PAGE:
According to a PwC release on banking profits, New Zealand’s five major banks (ANZ, ASB, BNZ, Kiwibank and Westpac) have continued to show strong profits and lending growth in the first quarter of the 2015 calendar year (being 1 January 2015 to 31 March 2015, first quarter 2015).
The report says net profit before tax increased by $94 million or 5.9 percent to $1.69 billion for the first quarter of 2015 compared to $1.59 billion earned during the fourth quarter of 2014. “The $94 million increase in profit before tax is attributable to an increase in other operating income of $75 million (10.5 percent) and a decrease in operating expenses of $33 million (3.0 percent), offset by a decrease in net interest income of $3 million (0.1 percent) and an increase in impairment losses on loans of $11 million (12.4 percent).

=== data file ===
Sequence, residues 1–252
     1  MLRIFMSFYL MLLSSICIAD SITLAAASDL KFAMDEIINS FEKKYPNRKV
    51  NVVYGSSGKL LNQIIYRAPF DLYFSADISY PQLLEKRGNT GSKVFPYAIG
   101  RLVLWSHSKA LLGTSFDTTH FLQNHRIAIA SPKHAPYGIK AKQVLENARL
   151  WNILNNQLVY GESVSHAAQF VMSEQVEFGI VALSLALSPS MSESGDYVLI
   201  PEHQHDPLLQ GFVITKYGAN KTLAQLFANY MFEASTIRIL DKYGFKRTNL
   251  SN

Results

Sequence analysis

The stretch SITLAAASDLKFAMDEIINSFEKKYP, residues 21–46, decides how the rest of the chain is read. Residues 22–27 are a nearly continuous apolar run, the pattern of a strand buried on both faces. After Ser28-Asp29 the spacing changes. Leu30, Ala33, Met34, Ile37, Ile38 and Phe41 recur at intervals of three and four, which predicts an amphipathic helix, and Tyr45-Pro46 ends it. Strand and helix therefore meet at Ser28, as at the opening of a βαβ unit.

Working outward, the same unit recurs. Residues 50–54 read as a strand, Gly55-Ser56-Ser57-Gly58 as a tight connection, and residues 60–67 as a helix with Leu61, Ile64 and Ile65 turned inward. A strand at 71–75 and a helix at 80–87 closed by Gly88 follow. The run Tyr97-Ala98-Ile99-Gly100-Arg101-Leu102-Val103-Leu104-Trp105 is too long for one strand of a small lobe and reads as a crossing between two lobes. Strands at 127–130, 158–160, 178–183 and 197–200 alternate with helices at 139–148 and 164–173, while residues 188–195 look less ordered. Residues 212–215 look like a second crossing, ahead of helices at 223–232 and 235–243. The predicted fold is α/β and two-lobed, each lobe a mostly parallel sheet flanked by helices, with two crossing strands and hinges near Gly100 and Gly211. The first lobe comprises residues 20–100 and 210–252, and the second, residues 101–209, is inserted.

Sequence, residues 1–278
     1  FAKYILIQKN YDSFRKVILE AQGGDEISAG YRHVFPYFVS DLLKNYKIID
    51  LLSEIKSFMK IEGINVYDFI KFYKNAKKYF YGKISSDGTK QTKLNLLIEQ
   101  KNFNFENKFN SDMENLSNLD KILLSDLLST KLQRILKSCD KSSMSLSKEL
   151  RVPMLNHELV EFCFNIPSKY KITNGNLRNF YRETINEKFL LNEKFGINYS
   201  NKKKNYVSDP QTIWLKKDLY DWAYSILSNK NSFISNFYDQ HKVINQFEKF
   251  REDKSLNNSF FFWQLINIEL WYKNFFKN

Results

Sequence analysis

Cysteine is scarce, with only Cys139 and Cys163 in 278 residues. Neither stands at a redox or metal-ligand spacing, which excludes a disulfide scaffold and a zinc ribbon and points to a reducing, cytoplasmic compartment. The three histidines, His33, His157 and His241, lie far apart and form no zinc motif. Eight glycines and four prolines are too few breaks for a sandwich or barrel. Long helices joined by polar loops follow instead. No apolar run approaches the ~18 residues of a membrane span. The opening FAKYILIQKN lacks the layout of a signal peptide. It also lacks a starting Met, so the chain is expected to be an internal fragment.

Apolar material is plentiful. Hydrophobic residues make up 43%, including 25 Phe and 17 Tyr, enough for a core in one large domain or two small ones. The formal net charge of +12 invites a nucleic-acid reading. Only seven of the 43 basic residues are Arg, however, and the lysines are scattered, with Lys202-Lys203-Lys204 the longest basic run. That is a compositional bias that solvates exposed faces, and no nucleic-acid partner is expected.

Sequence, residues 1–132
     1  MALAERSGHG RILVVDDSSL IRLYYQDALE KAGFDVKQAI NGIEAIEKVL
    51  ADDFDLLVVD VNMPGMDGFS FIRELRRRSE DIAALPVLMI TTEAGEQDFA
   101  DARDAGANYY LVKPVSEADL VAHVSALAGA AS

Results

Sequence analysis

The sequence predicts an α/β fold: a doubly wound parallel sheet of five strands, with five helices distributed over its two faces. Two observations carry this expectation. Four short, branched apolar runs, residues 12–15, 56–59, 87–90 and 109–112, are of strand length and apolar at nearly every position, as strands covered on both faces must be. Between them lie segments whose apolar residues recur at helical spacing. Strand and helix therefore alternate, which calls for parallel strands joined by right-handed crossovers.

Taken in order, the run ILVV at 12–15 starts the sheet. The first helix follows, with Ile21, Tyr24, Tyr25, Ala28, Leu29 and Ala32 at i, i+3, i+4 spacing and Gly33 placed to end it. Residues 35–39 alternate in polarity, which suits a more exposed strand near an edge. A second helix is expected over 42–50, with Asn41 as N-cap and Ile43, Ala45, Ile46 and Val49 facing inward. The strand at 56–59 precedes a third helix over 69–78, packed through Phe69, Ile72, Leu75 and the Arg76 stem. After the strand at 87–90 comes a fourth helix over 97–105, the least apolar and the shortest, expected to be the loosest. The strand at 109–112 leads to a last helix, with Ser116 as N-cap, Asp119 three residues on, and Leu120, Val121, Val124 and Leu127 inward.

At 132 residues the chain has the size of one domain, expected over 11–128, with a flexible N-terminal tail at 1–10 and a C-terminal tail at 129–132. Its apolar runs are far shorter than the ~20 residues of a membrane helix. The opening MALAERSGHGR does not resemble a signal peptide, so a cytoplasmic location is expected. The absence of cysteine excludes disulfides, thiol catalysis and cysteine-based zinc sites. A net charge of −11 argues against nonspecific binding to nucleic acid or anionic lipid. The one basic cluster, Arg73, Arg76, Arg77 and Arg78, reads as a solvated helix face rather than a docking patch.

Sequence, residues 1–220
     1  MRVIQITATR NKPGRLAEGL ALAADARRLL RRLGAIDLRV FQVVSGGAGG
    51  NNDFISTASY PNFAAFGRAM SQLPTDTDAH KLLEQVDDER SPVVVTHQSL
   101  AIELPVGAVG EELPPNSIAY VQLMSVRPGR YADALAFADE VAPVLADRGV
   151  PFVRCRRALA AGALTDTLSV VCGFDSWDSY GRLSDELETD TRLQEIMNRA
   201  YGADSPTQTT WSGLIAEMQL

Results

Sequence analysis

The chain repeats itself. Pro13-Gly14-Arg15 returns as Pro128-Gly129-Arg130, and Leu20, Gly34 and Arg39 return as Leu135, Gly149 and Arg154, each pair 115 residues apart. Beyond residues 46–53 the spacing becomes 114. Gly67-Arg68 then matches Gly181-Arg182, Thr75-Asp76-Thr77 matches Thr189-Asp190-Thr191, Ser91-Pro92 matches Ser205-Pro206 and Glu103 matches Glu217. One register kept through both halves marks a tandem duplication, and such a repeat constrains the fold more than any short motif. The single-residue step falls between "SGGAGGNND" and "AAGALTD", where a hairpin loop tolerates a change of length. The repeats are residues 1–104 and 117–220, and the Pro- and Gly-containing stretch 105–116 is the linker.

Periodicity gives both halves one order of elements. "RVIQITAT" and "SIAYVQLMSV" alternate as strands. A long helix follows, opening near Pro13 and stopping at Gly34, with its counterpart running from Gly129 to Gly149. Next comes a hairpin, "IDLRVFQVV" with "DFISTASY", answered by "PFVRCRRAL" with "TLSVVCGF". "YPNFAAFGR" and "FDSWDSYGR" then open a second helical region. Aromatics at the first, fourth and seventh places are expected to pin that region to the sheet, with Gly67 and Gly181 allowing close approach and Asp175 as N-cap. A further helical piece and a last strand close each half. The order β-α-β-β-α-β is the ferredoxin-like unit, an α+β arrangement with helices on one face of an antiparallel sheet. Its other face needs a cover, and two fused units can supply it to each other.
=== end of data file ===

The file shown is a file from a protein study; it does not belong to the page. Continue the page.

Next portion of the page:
The report says: “All in all, this is another strong result reported by New Zealand’s major banks behind the back-drop of escalating house prices, predominantly in the Auckland property market. While there have been numerous views on what is driving Auckland property prices, the Reserve Bank has continued to take action to elevate the concerns that a rapid house price correction in Auckland property market would have on New Zealand’s overall financial stability. Time will tell what the full impact of these initiatives will be, but at least the Reserve Bank won’t be accused of not taking active steps to lessen the risk of financial instability from a sharp correction in house prices.”